by: Sarah Joson
Monday, June 22, 2015 |
According to the credit opinion of global debt watcher Moody’s, the Philippine economy continues to remain resilient as it is being driven by strong private consumption and government reforms.
Moody’s recently gave the country an investment grade rating of Baa2, noting that the key components supporting the country’s positive credit standing are macroeconomic stability, strong external payment position, stable and resilient banking system, and well-managed inflation. Moreover, the agency stated that the Philippines’ current fundamentals are the drop in the country’s debt burden and structural improvements in financial management.
The debt watcher also noted that the recent revenue reforms at the Bureau of Customs (BOC) are a crucial factor that boosted government collections - surpassing the nominal output of the nation for the fourth consecutive time.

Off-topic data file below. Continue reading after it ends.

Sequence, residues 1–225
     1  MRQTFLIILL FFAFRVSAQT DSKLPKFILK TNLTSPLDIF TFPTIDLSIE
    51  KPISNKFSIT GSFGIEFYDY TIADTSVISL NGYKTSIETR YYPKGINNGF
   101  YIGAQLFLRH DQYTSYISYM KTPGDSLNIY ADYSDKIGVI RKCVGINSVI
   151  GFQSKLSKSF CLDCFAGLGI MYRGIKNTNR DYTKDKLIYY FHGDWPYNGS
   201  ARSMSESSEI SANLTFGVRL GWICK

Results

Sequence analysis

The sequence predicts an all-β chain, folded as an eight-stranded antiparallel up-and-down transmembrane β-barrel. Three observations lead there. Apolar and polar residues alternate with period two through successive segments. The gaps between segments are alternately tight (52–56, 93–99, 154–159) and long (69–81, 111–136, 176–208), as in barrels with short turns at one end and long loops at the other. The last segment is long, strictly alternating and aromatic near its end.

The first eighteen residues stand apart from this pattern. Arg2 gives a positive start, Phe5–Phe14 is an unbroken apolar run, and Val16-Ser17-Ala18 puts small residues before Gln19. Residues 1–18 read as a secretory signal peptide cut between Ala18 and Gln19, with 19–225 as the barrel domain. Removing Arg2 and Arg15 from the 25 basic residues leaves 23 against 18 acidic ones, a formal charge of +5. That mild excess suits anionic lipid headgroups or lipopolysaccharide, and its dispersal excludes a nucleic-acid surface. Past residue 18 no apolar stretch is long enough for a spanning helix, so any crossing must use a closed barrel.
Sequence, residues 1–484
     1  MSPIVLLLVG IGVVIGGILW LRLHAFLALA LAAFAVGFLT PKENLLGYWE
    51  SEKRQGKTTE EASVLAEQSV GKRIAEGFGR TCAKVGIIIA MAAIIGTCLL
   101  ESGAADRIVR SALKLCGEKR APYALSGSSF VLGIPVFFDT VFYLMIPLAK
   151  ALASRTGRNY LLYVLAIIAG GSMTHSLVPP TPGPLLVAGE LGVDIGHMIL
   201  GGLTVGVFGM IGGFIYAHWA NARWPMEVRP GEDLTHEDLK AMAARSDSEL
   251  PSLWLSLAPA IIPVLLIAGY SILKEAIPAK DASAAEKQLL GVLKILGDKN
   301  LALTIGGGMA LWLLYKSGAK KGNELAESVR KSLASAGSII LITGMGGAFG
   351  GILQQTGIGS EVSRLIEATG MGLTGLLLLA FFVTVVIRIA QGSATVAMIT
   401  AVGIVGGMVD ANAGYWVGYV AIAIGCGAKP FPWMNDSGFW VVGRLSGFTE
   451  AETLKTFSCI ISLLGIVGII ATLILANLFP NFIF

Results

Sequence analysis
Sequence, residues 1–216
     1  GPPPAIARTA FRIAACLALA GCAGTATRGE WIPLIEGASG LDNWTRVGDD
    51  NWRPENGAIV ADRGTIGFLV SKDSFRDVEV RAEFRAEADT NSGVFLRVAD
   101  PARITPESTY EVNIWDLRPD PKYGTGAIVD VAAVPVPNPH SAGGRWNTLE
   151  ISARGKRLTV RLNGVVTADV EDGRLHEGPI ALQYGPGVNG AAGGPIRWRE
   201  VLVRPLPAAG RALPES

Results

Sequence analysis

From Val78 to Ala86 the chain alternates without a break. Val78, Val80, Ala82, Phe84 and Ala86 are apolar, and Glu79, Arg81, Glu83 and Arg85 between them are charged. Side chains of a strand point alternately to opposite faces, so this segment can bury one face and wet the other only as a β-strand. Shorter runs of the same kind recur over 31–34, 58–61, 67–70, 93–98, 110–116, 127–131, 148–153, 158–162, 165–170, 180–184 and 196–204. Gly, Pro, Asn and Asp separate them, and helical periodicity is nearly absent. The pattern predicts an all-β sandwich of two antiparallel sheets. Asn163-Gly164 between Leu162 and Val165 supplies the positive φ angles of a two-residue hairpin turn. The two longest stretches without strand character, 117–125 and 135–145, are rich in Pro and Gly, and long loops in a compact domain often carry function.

Revenues from the first four months of 2015 rose by nine percent to P679.6 billion, from P622.9 billion last year.
Outlook for spending remains positive with the five-percent growth seen during the first four months of this year valued at P660.6 billion, compared to P626.1 billion over the same period in 2014. This also led to the year-to-date budget gap of P19.1 billion, which is a huge difference from the P3.3 billion deficit reported over the same period last year.
Furthermore, Moody’s said revenues continue to grow by means of budgetary transparency, making the deficit closer than neighboring countries. In fact, higher growth in the Philippines is said to be sustained by resilient private investment, and remittances from overseas Filipino workers - resulting to strong private consumption. In addition to that, the government’s revenue base is not directly linked to commodity-based receipts.
The agency also pointed out that lower commodity prices could boost expansion through disinflation, as opposed to weaker growth prospects like with the country’s more commodity-dependent rating peers.